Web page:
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Hormonal Control of Insect Migratory Behavior

  • M. A. Rankin
Part of the Proceedings in Life Sciences book series (LIFE SCIENCES)

Abstract

Most insect migrants seem to share in common certain behavioral, physiological, and ecological characteristics (Dingle, 1972). Behaviorally, migrants are generally extremely responsive to stimuli which induce flight and less responsive or unresponsive to stimuli associated with reproduction and feeding (Kennedy, 1961). In many species migration occurs in response to short photoperiods and is an alternative to immediate reproduction. Often associated with and induced by conditions which produce diapause, it offers an escape from unfavorable conditions in space as diapause provides an escape in time. Migrants, like diapausing insects, are often found to have hypertrophied fat bodies and immature ovaries (Johnson, 1969). Since migration is associated with a distinct set of physiological characteristics similar to those which accompany adult diapause, the possibility of an hormonal component to its control was often suggested by earlier workers. In his work on insect migration, Johnson (1969) put forth a model in which adult migration was triggered when ecdysone was absent and the juvenile hormone (JH) titer was low. The rise in JH titer then caused both the cessation of migratory behavior and the onset of oogenesis.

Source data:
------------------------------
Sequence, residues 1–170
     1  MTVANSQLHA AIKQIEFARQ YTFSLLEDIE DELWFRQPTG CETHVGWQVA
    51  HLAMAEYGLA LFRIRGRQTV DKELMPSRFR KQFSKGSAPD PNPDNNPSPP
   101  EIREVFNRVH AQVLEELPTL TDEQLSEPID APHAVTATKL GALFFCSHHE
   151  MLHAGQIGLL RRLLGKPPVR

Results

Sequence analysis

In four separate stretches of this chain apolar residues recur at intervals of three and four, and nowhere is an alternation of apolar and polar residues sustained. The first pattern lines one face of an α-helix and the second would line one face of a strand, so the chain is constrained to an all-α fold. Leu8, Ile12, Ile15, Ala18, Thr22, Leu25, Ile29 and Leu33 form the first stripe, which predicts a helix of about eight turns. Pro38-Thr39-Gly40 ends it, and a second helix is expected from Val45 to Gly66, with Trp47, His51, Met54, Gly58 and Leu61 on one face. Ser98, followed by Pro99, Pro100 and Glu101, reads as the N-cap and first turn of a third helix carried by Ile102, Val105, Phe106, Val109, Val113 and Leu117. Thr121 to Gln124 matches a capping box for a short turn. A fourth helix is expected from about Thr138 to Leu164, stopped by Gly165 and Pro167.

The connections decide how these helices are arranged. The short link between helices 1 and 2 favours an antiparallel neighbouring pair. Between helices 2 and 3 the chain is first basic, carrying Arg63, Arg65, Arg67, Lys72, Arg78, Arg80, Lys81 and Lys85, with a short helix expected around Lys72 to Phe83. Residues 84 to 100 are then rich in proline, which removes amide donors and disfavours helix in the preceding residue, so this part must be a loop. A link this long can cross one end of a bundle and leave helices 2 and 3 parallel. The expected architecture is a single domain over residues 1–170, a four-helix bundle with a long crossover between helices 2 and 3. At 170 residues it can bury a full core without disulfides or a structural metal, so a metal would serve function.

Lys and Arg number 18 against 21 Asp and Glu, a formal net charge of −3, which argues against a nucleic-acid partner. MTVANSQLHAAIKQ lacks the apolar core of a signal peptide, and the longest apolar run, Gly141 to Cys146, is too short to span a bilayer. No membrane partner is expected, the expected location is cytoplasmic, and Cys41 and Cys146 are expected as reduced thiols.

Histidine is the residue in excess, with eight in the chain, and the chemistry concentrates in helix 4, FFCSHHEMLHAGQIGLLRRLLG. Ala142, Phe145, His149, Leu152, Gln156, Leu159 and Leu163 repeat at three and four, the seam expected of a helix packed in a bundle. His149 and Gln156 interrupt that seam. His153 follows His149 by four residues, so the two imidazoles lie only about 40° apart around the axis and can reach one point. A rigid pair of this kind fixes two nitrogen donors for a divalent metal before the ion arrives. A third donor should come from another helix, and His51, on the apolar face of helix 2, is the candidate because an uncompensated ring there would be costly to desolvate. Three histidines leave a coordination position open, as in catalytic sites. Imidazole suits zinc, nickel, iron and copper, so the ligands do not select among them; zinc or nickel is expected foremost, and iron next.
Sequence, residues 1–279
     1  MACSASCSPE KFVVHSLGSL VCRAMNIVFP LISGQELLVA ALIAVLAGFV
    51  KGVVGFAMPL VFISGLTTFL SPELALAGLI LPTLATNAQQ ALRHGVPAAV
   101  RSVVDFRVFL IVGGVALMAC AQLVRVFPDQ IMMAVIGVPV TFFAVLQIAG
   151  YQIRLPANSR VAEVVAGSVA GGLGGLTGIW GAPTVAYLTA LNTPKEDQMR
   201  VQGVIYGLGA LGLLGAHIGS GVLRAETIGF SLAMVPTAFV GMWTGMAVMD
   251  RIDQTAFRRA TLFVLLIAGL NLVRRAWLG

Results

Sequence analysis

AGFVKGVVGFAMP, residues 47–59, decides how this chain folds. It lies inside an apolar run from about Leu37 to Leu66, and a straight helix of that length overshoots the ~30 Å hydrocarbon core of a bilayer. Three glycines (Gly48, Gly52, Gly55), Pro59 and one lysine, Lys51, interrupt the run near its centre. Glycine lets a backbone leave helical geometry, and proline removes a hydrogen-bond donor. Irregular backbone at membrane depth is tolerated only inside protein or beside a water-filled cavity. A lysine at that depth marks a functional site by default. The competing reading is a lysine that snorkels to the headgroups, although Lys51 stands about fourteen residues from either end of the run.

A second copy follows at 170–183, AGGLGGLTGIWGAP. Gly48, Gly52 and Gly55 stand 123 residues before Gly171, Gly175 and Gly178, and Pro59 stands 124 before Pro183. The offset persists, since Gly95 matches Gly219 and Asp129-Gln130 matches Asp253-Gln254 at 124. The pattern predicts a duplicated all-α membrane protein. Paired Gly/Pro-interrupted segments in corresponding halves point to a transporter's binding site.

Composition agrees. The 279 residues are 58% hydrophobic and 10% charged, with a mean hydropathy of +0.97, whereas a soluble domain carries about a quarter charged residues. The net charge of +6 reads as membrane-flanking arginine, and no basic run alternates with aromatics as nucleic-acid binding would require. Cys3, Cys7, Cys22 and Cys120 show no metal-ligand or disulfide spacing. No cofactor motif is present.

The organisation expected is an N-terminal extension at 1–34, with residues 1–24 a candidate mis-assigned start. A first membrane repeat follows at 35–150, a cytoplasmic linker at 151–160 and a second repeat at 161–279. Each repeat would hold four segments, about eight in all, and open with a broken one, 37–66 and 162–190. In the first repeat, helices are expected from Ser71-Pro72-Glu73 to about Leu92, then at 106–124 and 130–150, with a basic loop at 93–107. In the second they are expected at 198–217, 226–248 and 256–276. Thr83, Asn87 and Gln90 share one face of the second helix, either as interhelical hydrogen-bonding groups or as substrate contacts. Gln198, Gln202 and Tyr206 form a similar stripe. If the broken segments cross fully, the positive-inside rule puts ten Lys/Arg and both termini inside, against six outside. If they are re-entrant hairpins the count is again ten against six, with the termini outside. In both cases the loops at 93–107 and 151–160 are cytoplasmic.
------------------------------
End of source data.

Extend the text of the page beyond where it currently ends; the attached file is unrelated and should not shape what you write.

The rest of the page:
Keywords

Flight Muscle Flight Activity Flight Performance Flight Behavior Monarch Butterfly 
These keywords were added by machine and not by the authors. This process is experimental and the keywords may be updated as the learning algorithm improves.

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  • M. A. Rankin

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